Apple considered less valuable than the average S&P 500 company [Updated]

Apple just reached a new all-time closing high.  It’s remarkable that so soon after a recession the stock is enjoying new highs.  The Dow would have to gain 40% to make the same claim.

So some may ask whether Apple’s stock is getting ahead of itself.  Perhaps it’s showing signs of “irrational exuberance”.

This is not the case.  In fact, the stock is showing signs of irrational despondency.  This is demonstrated with the following graph.

It shows AAPL Price (ex-cash) over Earnings vs. S&P P/E  (blue and red lines respectively on the left scale) overlaid with AAPL and S&P EPS growth (blue and red bars respectively on the right scale). I added grey shading to represent the recession period and yellow shading for the forecast period.

[Updated] The same data is shown in the following graph where I used a 12 month rolling window (trailing twelve months) for the year-on-year growth to smooth out quarterly anomalies as per suggestion from Deagol in comments.

Note how S&P earnings were indeed in a state of severe decline during the recession, and how the P/E gyrated wildly as a result. (I’ve had to clip the actual values in the graph for clarity but I include all the data in the table at the bottom of this article).  Post-recession S&P P/E began to return to normal at the beginning of this year and is forecast (by S&P) to align once again with the pre-recession growth in earnings.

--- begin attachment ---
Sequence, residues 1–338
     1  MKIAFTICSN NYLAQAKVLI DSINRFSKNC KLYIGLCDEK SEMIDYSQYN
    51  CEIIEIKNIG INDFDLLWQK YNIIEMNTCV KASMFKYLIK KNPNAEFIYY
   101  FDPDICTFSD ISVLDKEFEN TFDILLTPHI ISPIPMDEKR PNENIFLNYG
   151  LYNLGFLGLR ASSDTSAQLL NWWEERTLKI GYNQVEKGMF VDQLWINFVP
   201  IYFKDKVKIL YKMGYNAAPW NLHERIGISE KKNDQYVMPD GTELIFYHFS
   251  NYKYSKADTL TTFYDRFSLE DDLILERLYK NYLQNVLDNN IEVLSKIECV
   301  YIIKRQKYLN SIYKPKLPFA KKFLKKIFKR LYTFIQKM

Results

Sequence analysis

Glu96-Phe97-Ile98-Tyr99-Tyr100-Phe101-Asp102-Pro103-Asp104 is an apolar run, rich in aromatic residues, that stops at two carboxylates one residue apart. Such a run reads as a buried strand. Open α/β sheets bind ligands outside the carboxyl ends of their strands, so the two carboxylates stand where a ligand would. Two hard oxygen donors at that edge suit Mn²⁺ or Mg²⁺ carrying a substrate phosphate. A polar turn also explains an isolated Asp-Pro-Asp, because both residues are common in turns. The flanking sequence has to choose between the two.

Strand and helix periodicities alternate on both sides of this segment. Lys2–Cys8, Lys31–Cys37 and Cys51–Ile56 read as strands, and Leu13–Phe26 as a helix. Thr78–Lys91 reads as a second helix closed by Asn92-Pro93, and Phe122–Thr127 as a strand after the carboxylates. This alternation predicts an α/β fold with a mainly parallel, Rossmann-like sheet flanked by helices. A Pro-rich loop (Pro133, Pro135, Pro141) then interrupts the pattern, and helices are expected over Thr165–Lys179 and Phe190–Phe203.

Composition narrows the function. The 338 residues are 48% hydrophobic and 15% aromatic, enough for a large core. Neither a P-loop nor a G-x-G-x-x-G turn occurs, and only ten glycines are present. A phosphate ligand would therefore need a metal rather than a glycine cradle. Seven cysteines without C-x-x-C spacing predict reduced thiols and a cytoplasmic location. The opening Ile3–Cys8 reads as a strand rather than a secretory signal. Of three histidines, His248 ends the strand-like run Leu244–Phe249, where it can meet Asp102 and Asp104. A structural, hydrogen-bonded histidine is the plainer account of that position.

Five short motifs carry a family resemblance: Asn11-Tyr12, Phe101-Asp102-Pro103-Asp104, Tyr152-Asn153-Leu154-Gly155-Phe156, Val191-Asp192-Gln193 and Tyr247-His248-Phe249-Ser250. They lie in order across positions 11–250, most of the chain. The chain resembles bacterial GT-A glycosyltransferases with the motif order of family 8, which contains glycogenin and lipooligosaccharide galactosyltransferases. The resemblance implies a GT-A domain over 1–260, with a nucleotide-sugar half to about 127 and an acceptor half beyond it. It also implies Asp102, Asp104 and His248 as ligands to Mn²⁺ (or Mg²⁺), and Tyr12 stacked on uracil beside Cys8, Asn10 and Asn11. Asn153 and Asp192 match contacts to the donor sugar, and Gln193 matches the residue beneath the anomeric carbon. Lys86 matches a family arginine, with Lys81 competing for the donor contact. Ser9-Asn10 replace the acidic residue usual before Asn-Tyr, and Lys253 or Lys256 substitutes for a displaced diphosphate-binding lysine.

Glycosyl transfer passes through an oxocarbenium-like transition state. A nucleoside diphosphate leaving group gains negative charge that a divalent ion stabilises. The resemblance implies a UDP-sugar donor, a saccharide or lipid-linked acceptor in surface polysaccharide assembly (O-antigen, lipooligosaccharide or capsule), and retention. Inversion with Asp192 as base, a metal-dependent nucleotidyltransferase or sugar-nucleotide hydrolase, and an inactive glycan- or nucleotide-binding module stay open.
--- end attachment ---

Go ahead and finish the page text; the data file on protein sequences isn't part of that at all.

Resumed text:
Now compare with what happened to Apple’s stock.  Pre-recession the stock enjoyed a significant premium for growth.  The blue bars are significantly higher than the red bars in the 2006/2007 period and the blue line is naturally higher than the red line in the same period.

During the recession, Apple continues to grow but the P/E drops to remarkably low levels (10).  Although Apple’s earnings growth does diminish, it never goes away.  The anomalous growth in the third quarter of 09 is 11% due to the huge spike the year earlier with the launch of iPhone 3G.  Overall, the company continues growing at a good clip.

Not so for its P/E however.  Even after the recession ended and AAPL accelerated growth to above 50% again, the P/E remained around 20.  I left out the forecast from the AAPL line so that readers can imagine their own.

The bottom line is that at the new all-time high, Apple’s shares are trading at a discount to their growth.  Not only lower than than Apple has enjoyed historically, but lower than the average of 500 of the largest companies in the US.  Those companies having earnings growth in the teens have recovered their valuation.  Apple with growth returning to above 50% hasn’t.